This post is the 3rd in our series on the Creed developing within Mary’s Intellect and Heart as the Christ Child develops within her womb. We turn now to the Visitation: Lk 1:39-55.
The Holy Spirit is extremely active during the various exchanges and actions when Mary (and Unborn Jesus) arrive at the home of Zechariah and Elizabeth and specifically when Mary greets Elizabeth (and Unborn John) and when Elizabeth responds. Luke tells us that “Elizabeth was filled with the Holy Spirit and she exclaimed with a loud cry, ‘Blessed are you among women, and blessed is the fruit of your womb! And why is this granted me, that the mother of my Lord should come to me? For behold, when the voice of your greeting came to my ears, the babe in my womb leaped for joy. And blessed is she who believed that there would be a fulfilment of what was spoken to her from the Lord.’” So, Elizabeth refers to Mary’s unborn child (about one week after conception) as “my Lord”. This is revelatory! Elizabeth has identified Unborn Jesus as Messiah and Lord, and Mary as the Messiah’s mother. Elizabeth states that it is a privilege to have the mother of the Messiah and Lord visit her.
What does Mary learn from Elizabeth’s inspired words? First, let it be said that everything about God is extremely personal. God is NOT distant, obtuse, detached from His Creation and creatures! He has become Incarnate. He has fulfilled what He promised. A week ago Gabriel said that Mary had “found favor with God” (Lk 1:30). Now Elizabeth is acknowledging that Mary has a special relationship with God and is blessed for believing “that there would be a fulfillment of what was spoken to her”. This highlights Mary’s personal relationship with God. It is a beautiful relationship; alive in trust, bursting with expectation! Mary is being rewarded for obeying God and believing in the words spoken to her. This is God’s way of thanking Mary for accepting this motherhood of a Divine Person; the Son of God. So Mary sees and tastes the Goodness of God in the words of Elizabeth. This is living the Creed. The Creed in Mary’s heart says that “God is All Good, God is Most Faithful”. This belief drove her onward to Bethlehem, to Egypt, to Cana, to the foot of the cross, to the Upper Room and to Heaven.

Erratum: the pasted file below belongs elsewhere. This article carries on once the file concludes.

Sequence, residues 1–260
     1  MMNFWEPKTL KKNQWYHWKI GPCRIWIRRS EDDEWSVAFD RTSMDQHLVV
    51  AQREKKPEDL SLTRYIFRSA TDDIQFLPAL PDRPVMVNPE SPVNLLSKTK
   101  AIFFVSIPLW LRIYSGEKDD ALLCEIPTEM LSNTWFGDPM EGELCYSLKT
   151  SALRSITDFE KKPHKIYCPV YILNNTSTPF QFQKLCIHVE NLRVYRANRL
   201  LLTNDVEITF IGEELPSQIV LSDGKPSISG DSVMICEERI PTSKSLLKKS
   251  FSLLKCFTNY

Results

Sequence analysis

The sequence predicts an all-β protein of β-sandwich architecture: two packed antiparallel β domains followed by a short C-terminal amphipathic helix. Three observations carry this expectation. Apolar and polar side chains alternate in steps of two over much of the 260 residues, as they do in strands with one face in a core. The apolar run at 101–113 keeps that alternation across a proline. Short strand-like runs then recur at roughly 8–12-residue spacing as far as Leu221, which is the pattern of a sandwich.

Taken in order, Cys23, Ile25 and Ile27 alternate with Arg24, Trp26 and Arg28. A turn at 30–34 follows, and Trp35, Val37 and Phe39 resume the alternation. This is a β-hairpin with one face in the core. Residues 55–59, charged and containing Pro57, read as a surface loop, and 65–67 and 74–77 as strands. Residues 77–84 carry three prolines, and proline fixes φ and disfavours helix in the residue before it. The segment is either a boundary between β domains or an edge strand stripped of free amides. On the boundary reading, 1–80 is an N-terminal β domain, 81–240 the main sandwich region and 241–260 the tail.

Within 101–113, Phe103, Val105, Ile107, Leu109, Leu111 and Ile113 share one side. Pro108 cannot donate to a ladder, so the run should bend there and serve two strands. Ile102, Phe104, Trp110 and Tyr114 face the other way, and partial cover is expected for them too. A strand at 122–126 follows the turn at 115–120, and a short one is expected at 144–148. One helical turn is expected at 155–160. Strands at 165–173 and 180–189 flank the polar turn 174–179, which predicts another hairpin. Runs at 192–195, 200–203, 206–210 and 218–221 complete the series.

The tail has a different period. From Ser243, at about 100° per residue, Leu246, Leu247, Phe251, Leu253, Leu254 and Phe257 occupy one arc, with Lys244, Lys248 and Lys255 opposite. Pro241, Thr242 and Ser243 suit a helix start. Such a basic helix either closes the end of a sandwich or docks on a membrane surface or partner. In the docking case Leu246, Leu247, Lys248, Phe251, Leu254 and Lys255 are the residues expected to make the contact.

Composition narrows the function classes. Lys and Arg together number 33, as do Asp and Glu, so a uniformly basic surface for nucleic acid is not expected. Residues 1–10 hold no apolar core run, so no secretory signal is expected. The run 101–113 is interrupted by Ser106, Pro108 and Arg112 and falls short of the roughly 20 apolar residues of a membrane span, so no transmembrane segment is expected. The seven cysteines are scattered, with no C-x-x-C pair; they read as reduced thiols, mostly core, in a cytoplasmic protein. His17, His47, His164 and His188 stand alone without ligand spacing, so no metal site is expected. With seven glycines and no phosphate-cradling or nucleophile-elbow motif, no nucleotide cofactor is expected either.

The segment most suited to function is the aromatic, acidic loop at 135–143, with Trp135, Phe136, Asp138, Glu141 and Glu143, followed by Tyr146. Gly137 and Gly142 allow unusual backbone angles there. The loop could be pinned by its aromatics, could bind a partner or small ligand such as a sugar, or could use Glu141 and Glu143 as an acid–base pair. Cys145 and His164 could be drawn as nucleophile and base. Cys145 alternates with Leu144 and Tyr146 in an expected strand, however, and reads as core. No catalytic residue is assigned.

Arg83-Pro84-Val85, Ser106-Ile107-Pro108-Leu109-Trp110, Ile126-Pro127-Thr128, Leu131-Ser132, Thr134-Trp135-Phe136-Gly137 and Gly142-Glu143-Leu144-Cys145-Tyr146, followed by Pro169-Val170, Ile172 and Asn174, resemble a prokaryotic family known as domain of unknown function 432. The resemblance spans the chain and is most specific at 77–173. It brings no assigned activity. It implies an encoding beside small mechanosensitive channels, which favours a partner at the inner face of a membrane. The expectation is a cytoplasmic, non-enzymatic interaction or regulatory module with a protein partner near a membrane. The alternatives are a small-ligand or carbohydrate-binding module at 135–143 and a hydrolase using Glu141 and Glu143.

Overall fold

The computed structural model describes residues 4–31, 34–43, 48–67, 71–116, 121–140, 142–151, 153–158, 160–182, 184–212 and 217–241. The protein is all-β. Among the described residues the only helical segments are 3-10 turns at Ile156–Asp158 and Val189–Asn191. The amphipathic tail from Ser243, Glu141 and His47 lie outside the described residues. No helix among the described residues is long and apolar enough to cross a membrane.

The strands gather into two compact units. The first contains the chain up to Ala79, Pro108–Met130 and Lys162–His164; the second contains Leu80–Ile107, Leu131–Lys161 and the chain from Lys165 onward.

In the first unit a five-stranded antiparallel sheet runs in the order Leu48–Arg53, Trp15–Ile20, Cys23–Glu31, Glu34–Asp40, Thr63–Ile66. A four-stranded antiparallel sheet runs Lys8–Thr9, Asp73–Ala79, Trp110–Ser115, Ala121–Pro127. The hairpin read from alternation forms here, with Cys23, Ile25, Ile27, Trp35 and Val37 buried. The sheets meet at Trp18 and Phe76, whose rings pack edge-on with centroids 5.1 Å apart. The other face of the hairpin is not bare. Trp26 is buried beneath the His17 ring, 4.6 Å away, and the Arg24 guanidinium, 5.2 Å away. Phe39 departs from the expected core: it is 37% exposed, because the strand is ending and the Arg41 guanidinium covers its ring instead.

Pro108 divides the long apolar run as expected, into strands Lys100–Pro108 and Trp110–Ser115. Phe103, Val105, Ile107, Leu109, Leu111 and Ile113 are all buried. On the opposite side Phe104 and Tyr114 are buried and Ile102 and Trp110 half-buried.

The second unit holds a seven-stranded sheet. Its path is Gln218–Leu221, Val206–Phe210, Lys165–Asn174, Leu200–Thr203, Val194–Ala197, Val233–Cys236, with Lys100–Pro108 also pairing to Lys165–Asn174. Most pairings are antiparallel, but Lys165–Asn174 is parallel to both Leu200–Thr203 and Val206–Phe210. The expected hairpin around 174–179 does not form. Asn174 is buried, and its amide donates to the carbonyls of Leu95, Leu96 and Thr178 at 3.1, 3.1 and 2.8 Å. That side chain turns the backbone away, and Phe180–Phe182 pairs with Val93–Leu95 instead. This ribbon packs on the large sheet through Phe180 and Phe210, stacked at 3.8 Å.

But most of all, Mary hears her unborn child called “Lord”! She hears herself called “mother of (the) Lord”. These are titles, and offices. Elizabeth is testifying – albeit, indirectly – that Mary has been given a singular office by Almighty God; ‘mother of the Lord’. This is a sacred duty and obligation in service to the Mission of her Son (see prior post for Gabriel’s description of her Son). With the leaping of unborn John in his mother’s womb (caused by Unborn Jesus) and Elizabeth’s comments, Mary has now seen that her Son’s mission has already begun. She knows from firsthand experience that God is acting here and now, and that the Son of the Most High is the focal point of everything – she is her Son’s handmaiden.
The next 10 verses are Mary’s famous inspired response and are called the Magnificat for the opening line: “My soul magnifies the Lord, and my spirit rejoices in God my Savior…” Note the two words “Lord” and “Savior”. Incredibly, Mary is perceiving that these two titles, which she would have used in the past to describe the God of Abraham, Isaac and Jacob, can now also be used to describe her (unborn) Son. This is a fundamental unfolding Revelation of the first order. Elizabeth used the word “Lord” and Mary responds using the same term. But she says “my soul magnifies the Lord” because He is within her, and she is reflective of His Presence as Elizabeth stated. Mary is inspired to use the term ‘Savior’ also. Mary is in a unique position, for when she speaks of God, she is speaking not only of her Creator Yahweh, but also of that Son growing within her. She is associating her Son with the term ‘Savior’, now pointing to the redemptive reality that is dawning upon Israel, twice referencing God’s mercy.
Mary’s Magnificat is centered upon the reality of God; referring at least 18 times to God (he, his, him, and so on). The last verse of the Magnificat recalls God’s relationship with Abraham. Mary is showing the continuity of God’s personal redemptive relationship with the people of Israel, and her Magnificat seems to recapitulate that historical relationship. Abraham was the Father of their faith – now Mary is the Mother of their Savior. She is discovering these truths of the Incarnation as she is living them (and she was inspired by the Holy Spirit as she gave voice to these truths). Her Magnificat offers a holy glimpse into the Creed that is taking hold of her heart, a unique Creed, a mixture of faith, hope, love and maternity – a tender personal Creed especially due to this fourth mentioned element; maternity. Every Christian can learn of this palpable Creed by sharing in Mary’s intimate perspective on her unborn Savior Son!
Our next post will consider the three months Mary (and Unborn Jesus) spent with Zechariah, Elizabeth (and unborn, then newborn John).
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